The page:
Wednesday, September 10, 2008

De-Coupling Bites the Dust

Over the last few years we've seen some great rationalizations and spin regarding the economy. Some of the more classic are the following:

-- "If you take out the financial sector everything is fine"

-- Housing has hit bottom

-- Because 95% of people are paying their mortgages on time, everything is OK

-- The world will decouple; meaning the US can slow down and not effect anybody else.

All of these lines of thought (using a very liberal definition of the word "thought") have fallen by the wayside. Today there is further evidence that "de-coupling" is, well, dead:

The European Union Wednesday slashed its economic growth forecast for 2008 and said several major European economies will slip into recession.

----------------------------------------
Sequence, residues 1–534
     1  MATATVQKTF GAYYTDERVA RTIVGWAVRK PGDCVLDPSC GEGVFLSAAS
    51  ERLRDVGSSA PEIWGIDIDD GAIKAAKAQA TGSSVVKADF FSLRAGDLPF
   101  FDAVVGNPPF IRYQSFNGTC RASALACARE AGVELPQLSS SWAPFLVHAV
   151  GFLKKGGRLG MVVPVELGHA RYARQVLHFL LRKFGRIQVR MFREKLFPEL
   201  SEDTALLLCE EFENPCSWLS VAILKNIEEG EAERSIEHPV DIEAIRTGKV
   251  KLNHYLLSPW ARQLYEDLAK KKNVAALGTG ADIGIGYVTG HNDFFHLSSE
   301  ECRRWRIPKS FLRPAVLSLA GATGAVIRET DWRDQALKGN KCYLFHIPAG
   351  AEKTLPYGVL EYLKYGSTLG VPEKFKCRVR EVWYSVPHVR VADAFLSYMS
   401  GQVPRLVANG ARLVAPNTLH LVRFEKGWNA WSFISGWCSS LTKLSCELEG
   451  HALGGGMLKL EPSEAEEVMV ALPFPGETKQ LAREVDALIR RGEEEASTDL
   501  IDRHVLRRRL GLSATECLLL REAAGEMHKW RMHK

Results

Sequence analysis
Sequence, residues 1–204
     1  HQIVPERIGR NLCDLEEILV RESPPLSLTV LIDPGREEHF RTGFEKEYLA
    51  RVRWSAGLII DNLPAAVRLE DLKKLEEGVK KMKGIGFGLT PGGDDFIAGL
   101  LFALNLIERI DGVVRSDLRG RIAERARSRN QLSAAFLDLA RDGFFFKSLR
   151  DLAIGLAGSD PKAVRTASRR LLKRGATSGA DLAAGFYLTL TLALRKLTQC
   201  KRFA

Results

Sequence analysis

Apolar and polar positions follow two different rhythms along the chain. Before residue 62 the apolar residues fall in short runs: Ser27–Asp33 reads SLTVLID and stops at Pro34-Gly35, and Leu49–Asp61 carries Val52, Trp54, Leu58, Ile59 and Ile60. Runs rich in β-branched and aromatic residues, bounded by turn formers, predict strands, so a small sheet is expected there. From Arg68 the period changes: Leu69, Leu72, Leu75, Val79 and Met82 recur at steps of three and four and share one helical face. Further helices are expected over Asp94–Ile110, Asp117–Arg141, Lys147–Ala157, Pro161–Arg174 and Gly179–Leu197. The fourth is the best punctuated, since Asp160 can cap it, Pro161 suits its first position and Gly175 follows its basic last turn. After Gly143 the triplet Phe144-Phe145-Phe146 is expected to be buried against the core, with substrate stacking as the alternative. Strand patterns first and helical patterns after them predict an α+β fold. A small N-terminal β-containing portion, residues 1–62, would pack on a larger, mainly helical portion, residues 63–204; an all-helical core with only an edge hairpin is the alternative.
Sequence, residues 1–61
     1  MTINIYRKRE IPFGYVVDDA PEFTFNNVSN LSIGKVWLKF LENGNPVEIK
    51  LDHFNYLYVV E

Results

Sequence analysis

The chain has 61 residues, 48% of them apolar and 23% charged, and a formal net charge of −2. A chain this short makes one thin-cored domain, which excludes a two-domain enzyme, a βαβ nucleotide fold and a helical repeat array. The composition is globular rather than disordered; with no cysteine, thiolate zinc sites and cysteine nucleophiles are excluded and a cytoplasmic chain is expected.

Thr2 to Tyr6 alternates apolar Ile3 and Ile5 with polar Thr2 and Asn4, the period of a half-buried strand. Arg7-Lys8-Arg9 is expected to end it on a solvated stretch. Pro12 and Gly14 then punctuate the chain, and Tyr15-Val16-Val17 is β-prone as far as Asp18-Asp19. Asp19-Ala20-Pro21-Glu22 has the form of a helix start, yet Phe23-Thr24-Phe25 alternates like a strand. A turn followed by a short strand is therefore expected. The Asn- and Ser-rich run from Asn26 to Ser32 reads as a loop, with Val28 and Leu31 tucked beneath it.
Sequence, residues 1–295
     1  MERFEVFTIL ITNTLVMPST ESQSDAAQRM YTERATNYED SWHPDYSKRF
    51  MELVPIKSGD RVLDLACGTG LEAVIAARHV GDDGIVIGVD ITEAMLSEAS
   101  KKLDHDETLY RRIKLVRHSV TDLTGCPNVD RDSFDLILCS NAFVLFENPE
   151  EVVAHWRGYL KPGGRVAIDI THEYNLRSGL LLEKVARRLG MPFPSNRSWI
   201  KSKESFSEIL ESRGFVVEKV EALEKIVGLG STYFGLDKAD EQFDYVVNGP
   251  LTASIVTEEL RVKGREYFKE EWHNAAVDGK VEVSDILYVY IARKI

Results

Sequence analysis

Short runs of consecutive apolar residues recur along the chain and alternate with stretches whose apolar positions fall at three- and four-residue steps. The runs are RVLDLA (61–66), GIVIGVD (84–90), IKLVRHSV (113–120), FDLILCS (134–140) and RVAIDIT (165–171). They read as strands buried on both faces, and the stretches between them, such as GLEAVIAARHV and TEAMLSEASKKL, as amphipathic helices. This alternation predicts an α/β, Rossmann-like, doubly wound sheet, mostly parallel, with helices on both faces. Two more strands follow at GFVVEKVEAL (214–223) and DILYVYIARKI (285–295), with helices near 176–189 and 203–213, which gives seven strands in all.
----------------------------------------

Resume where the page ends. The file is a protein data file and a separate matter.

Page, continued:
The European Commission, the EU's executive arm, said in its quarterly forecast that the sustained rise in commodities prices, financial market turmoil and a weaker global economy are taking a toll on the bloc's economy.

It predicted Germany will enter a recession in the second and third quarters of the year, and that the U.K. and Spain will suffer a similar fate in the third and fourth quarters.

Overall, the commission expects the European economy to grow 1.4% in 2008, down from the 2% growth it predicted in April. For the fifteen countries that use the euro, the commission cut its 2008 economic growth forecast to 1.3% from 1.7%. The commission said it will probably cut its 2009 forecasts in November due to weakness throughout the global economy.

Considering exports have been one of the few bright spots in the US GDP reports, this is not good news.